In December 2017, RF, represented by the Public Law Project, persuaded the High Court to quash the PIP 2017 Regulations on the grounds that they were manifestly unreasonable, discriminated unfairly and because they were ‘game changers’ that should have been consulted on.  The court was also persuaded that the Regulations infringed the UN Convention of the Rights of Persons with Disabilities.

The judge’s order quashing the Regulations was suspended pending an application to appeal by the Department of Work and Pensions.

However on 19 January 2018 Ms McVey told the House of Commons that she would not seek to appeal, and instead all those affected will have their benefits decisions reviewed. The mental health charity Mind estimate that around 164,000 cases will be affected, while the SSWP has since said that the figure may be around 220,000.  Ms McVey states that all those who may be entitled to more support following the RF judgement will be reviewed and written to and all appropriate payments backdated.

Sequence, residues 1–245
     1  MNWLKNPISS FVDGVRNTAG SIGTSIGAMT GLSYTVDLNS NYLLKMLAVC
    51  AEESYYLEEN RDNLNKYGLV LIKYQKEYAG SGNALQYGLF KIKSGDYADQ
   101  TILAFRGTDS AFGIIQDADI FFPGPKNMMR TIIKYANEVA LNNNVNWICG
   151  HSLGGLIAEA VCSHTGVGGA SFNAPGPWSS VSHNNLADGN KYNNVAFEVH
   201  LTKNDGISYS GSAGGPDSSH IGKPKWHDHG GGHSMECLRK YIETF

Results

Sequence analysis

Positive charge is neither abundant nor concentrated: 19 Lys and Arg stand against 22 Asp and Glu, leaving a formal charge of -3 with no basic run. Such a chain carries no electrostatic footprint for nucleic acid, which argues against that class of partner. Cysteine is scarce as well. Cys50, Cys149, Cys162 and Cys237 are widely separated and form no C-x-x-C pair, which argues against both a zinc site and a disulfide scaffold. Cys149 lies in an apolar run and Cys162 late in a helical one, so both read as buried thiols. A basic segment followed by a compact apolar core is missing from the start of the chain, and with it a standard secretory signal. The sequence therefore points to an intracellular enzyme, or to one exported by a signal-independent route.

RF commented:

I am delighted to hear the Secretary of State has decided to honour the finding of the High Court that these regulations were ‘blatantly discriminatory’. I hope that future decisions will now be taken holding our human rights as central, so that no one else is put in a position where they have to either accept state discrimination or go to court over it’.

RF’s solicitor, Sara Lomri, said:

We are pleased that the Secretary of State is committed to making the PIP system fairer. The DWP have said that they will first draft guidance, undertake a review of all affected cases, and contact those affected by writing to them. PIP payments can make a huge difference to individuals’ lives, and it is obviously important that such steps are taken quickly and thoroughly.’

 Note to Editors:

The case was previously known as SM and RF, but is now known as RF v Secretary of State for Department of Work and Pensions. There is an anonymity order in place protecting SM and RF. Further enquiries can be made to Ollie Persey at o.persey@dev.publiclawproject.org.uk

Back